SAN JOSE -- The two bicycles on display were long, curvy and revolutionary, but they could not be more different.
"I consider it an art piece," said Michael Newland, a custom bike builder from Roseville. "And I actually rode it in Las Vegas for 126.3 miles over three days." Made of steel and carbon fiber, his sleek, black "super cruiser" was one of the head-turning stars Sunday at the Shiny Side Up Bicycle Show at History San Jose municipal park. With a battery, GPS system and alarm built into the frame, this was a bike fit for Batman.
Inside the park's museum was a predecessor of Newland's bike, a long cruiser just as revolutionary for its time -- 1842.
"That's the treasure in this show," said Terry Shaw, one of the Bay Area's best-known cycling advocates and a co-curator of "Silicon Valley Bikes: Passion, Innovation & Politics Since 1880," which opened Sunday at the same park.
He pointed to the "velocipede," as early bicycles were called, built by French immigrant blacksmith Alexandre Lefebvre of steel and wood. Ancient compared to the hundreds of custom bikes parked outside the museum, the velocipede looked eerily familiar. Everything about bicycle construction has changed but not the basic architecture -- two wheels attached to a more or less triangular frame with pedals and handlebars.
The exhibit is an eye-opener at every turn, placing Silicon Valley at the forefront of cycling from the pedal-powered vehicle's beginnings, to its current infusion of high technology and outlandish, sexy design. More than a hardware show, the exhibit introduces some of the local people who led the cycling movements of their time.
There are wonderful photographs -- Victorian-era women in full dresses posing with their bikes, champion velodrome riders and the legendary Morrow Dirt Club, which practically invented mountain biking. And there are photos of pioneer bicycling advocates whose tireless work helped the Bay Area become one of America's friendliest places for recreational riding and commuting to work.
Bicycle gear heads who also love great design will be pleased by examples of work from inventive locals, including hub maker Phil Wood, independent designer Matt Rodriguez and the research and development team from Specialized Bicycles, the company headquartered in Morgan Hill.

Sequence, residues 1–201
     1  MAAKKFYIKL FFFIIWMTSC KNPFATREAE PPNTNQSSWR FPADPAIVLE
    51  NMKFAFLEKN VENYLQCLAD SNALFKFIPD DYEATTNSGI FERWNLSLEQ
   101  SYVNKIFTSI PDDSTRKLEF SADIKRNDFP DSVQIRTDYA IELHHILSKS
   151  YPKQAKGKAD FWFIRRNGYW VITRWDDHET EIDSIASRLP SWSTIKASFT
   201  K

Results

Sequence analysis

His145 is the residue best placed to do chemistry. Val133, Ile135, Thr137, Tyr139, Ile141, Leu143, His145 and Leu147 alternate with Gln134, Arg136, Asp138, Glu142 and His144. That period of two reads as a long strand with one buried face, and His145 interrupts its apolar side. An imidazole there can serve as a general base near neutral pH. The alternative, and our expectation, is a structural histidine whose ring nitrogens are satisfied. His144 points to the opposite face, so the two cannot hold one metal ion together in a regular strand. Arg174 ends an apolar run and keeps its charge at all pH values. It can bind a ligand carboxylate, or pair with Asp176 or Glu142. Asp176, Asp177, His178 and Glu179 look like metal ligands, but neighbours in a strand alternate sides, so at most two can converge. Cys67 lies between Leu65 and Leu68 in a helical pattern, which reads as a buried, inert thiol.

After four decades as a bike shop owner and cycling advocate, Shaw welcomes the growing popularity of the cruiser bikes, which are low and slow, but still offer health benefits.
"A lot of those people end up in cycling as a lifeline," he said.
The Shiny Side Up show seemed to break down into roughly three categories: vintage bicycles, custom-made cruisers of all sizes, and bicycles made of all manner of junk. One bike made of rebar -- metal construction rods -- looked like it came out of "Mad Max," the 1979 action flick about a dystopian future.
And the vast majority of bike owners appeared to be men who fell in love with bikes when they were little boys.
"These were the bikes we rode as kids," said Eddie Galleguilles, an airline mechanic and member of the Frisco Bay Sting-Ray Club. The group had lined up at least two dozen models of the famous Schwinn bike with the high handlebars and long, banana seat that inspired the cruisers of today. Most were outfitted with accessories little boys used to save every penny to buy -- fancy mirrors, generator lights, felt rabbits's feet and even special carriers for baseball bats and skateboards.
Galleguilles and his Sting-Ray buddies go out for four-hour spins every month.
"Everybody in our club is about 50 years old," he said. "We ride them to feel young again, to escape from reality for a while."
Contact Joe Rodriguez at 408-920-5767. Follow him at Twitter.com/joerodmercury.
What: "Silicon Valley Bikes: Passion, Innovation & Politics Since 1880" exhibit
Where: Arbuckle Gallery, History San Jose, 1650 Senter Road, San Jose
Information: Free admission; for exhibit hours, call 408-287-2290 or go to www.historysanjose.org